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Nonpartisan scorekeeper in hot seat in GOP's ACA de-funding fight

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(Bloomberg) — A nonpartisan body of number-crunchers who evaluate the costs of bills for Congress has become the unlikely lightning rod in the debate over the GOP’s plan to de-fund the Affordable Care Act.

Democrats want to delay debate until the body, the Congressional Budget Office, comes up with its analysis of the proposal — including an estimate on the number of people who could lose health coverage. Republicans, meanwhile, pressed ahead and panned the scorekeepers, which a lawmaker called “some unelected bureaucrats.”

Related: CBO: Repealing ACA would cost $353 billion over next decade

The heated argument over the CBO added to disputes over the bill’s tax cuts and coverage impact that bogged down two House committees’ sessions on Wednesday, and both are likely to drag late into the night. The plan is facing many roadblocks, including from within the GOP, and Democrats are taking every opportunity to say Republicans are moving recklessly to gut the ACA.

“What this bill needs is some extreme vetting,” said Rep. Lloyd Doggett, a Texas Democrat. “If you have nothing to hide, a week will not impair your effort.”

The White House jumped in, saying CBO’s estimates on the ACA itself, which was passed in 2010, haven’t proved accurate.

‘Way, way off’

“They were way, way off last time in every aspect of how they scored and projected Obamacare,” Press Secretary Sean Spicer said at a press briefing Wednesday. “It will be scored, but the idea that that’s any kind of authority based on the track record that occurred last time is a little far-fetched.”

The CBO, which is led by Keith Hall, an economist and former George W. Bush administration official who was selected by House Republicans in 2015, didn’t comment directly on the remarks, but pointed to a written answer it made March 3 to a question on how its ACA cost estimates have aligned with reality. The gross costs of the provisions were predicted at $214 billion for 2019 at the time, a projection now down to $148 billion.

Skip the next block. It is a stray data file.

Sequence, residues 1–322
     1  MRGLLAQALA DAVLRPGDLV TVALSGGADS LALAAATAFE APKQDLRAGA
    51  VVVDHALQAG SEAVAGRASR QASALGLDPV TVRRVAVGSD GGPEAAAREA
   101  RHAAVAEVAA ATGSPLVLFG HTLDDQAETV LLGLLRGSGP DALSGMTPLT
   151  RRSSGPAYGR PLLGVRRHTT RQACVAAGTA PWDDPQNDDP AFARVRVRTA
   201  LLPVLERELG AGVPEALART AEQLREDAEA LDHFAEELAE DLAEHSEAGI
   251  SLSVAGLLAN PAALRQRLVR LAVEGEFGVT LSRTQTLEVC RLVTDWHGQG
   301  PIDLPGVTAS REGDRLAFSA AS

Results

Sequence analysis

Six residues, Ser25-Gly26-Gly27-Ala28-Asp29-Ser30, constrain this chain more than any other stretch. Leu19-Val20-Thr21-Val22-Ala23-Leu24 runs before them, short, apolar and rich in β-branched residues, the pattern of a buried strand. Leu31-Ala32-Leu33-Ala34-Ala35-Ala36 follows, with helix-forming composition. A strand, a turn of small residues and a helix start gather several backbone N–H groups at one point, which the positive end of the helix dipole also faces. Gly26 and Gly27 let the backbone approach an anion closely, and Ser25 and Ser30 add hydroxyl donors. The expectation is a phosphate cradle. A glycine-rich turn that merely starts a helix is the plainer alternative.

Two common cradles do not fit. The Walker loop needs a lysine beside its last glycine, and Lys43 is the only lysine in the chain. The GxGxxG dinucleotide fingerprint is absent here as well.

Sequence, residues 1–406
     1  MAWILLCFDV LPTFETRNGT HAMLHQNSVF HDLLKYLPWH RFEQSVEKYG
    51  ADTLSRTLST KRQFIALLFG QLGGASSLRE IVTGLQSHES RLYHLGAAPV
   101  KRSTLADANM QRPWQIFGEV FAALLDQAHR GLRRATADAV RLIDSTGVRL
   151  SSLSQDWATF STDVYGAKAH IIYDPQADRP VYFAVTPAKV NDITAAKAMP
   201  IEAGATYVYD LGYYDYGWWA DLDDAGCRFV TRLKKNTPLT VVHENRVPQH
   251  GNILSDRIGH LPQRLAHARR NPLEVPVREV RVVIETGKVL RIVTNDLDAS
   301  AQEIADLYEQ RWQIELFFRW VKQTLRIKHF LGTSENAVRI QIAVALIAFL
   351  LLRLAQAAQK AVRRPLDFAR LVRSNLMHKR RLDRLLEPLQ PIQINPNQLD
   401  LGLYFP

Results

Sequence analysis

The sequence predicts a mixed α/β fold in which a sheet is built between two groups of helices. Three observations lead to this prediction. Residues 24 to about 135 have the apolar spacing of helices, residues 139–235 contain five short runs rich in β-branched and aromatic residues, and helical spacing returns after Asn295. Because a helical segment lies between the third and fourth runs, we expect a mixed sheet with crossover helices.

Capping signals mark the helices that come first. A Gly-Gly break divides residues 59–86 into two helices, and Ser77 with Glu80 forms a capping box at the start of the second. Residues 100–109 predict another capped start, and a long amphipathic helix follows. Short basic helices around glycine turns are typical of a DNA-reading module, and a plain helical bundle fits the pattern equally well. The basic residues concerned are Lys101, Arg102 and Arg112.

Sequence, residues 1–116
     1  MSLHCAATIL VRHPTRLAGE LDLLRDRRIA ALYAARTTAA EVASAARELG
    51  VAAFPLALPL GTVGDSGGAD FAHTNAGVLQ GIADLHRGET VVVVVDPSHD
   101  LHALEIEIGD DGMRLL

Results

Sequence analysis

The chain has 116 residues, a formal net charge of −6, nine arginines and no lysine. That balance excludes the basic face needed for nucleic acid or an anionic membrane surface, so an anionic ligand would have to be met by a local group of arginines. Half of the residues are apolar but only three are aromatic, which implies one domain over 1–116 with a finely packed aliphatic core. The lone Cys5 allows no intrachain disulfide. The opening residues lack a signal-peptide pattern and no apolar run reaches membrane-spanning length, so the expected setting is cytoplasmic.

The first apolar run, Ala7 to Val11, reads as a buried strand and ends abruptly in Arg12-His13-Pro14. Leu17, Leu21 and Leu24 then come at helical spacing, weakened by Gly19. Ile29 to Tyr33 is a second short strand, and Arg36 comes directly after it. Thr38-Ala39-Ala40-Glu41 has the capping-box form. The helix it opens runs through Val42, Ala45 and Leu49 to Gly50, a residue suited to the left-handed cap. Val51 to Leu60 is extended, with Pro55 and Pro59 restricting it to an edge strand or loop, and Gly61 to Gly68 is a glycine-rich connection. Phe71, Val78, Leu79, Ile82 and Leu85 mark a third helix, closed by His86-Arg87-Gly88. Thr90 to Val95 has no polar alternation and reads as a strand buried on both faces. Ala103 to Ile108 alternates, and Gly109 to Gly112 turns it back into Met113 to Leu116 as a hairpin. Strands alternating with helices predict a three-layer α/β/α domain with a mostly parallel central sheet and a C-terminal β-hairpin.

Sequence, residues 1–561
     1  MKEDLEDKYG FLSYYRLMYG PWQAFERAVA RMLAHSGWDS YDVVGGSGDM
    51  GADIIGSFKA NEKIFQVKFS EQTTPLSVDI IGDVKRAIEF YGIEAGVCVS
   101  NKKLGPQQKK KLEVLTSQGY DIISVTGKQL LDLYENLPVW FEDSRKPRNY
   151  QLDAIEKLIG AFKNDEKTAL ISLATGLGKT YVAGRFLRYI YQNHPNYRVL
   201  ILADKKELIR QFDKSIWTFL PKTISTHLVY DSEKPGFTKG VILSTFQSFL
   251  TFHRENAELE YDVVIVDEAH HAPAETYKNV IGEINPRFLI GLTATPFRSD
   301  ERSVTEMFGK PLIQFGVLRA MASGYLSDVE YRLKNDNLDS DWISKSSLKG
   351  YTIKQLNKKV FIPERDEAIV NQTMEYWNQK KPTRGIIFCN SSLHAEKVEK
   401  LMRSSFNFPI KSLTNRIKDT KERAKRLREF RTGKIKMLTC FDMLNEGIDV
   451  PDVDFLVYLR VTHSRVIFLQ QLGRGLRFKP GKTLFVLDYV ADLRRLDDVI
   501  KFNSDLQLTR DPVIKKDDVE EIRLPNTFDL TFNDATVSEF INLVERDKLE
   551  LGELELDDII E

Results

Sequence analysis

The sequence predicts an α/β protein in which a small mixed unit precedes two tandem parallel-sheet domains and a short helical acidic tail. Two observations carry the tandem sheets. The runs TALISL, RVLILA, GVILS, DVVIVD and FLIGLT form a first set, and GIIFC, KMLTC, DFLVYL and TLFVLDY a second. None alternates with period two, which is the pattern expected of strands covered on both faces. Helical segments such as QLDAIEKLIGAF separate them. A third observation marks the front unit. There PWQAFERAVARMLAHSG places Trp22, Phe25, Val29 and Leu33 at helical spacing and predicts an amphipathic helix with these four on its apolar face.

Attempts to estimate the impact of the GOP’s American Health Care Act are bound to spark partisan bickering, as Republicans, who control the presidency and both houses of Congress, push to quickly fulfill their campaign pledge of repealing Obamacare.

The ACA brought health insurance to about 20 million individuals. About 6 million to 10 million people could lose health coverage under the AHCA plan, S&P Global Ratings said Tuesday. The Joint Committee on Taxation released estimates on the cost of rolling back the ACA’s taxes in the GOP bill, finding it would cut them by about $575 billion over a decade, mainly on the wealthy and health-insurance companies.

Related: Cadillac plan tax math may shape ACA attack

Republicans say that beginning debate before the CBO report is available isn’t unusual. The report will be published on Monday, according to House Democratic Leader Nancy Pelosi. The CBO wouldn’t confirm the date, saying it’s working on the report.

“We’re not going to let some unelected bureaucrats in Washington stop us from fulfilling our promise to the American people,” said Steve Scalise, a Louisiana Republican.

Some of the CBO’s early projections on the ACA have proved too high, including enrollment in the law’s exchanges. But others have proven more accurate, including the decline in the uninsured rate.

“Predicting the effects of large policy changes is always difficult, but CBO’s predictions for the ACA in 2010 were much more accurate than the predictions of many Republican opponents of the law,” Doug Elmendorf, who led CBO at the time, said by email.

Destabilizing markets

In the absence of a CBO score, there are other signs that the GOP law could destabilize the individual market, leading to coverage losses, according to Dave Dillon, a fellow of the Society of Actuaries. The law’s penalty on those who wait to buy coverage won’t do much to push more people to buy health plans. And while the changes in how premiums and subsidies are calculated may benefit young people, it’s not clear that it will be enough to get them to buy health plans either, he said.

At the House committees, though, the discussions devolved into a back-and-forth about the CBO.

“We had a CBO score,” Rep. Diana DeGette, a Colorado Democrat, said of the 2009 committee discussion on the Obamacare bill.

Chairman Greg Walden disputed her, but Joe Barton, a Texas Republican, was more appeasing.

“We want one too,” he said. “We’re all God’s children. We all want a CBO score.”


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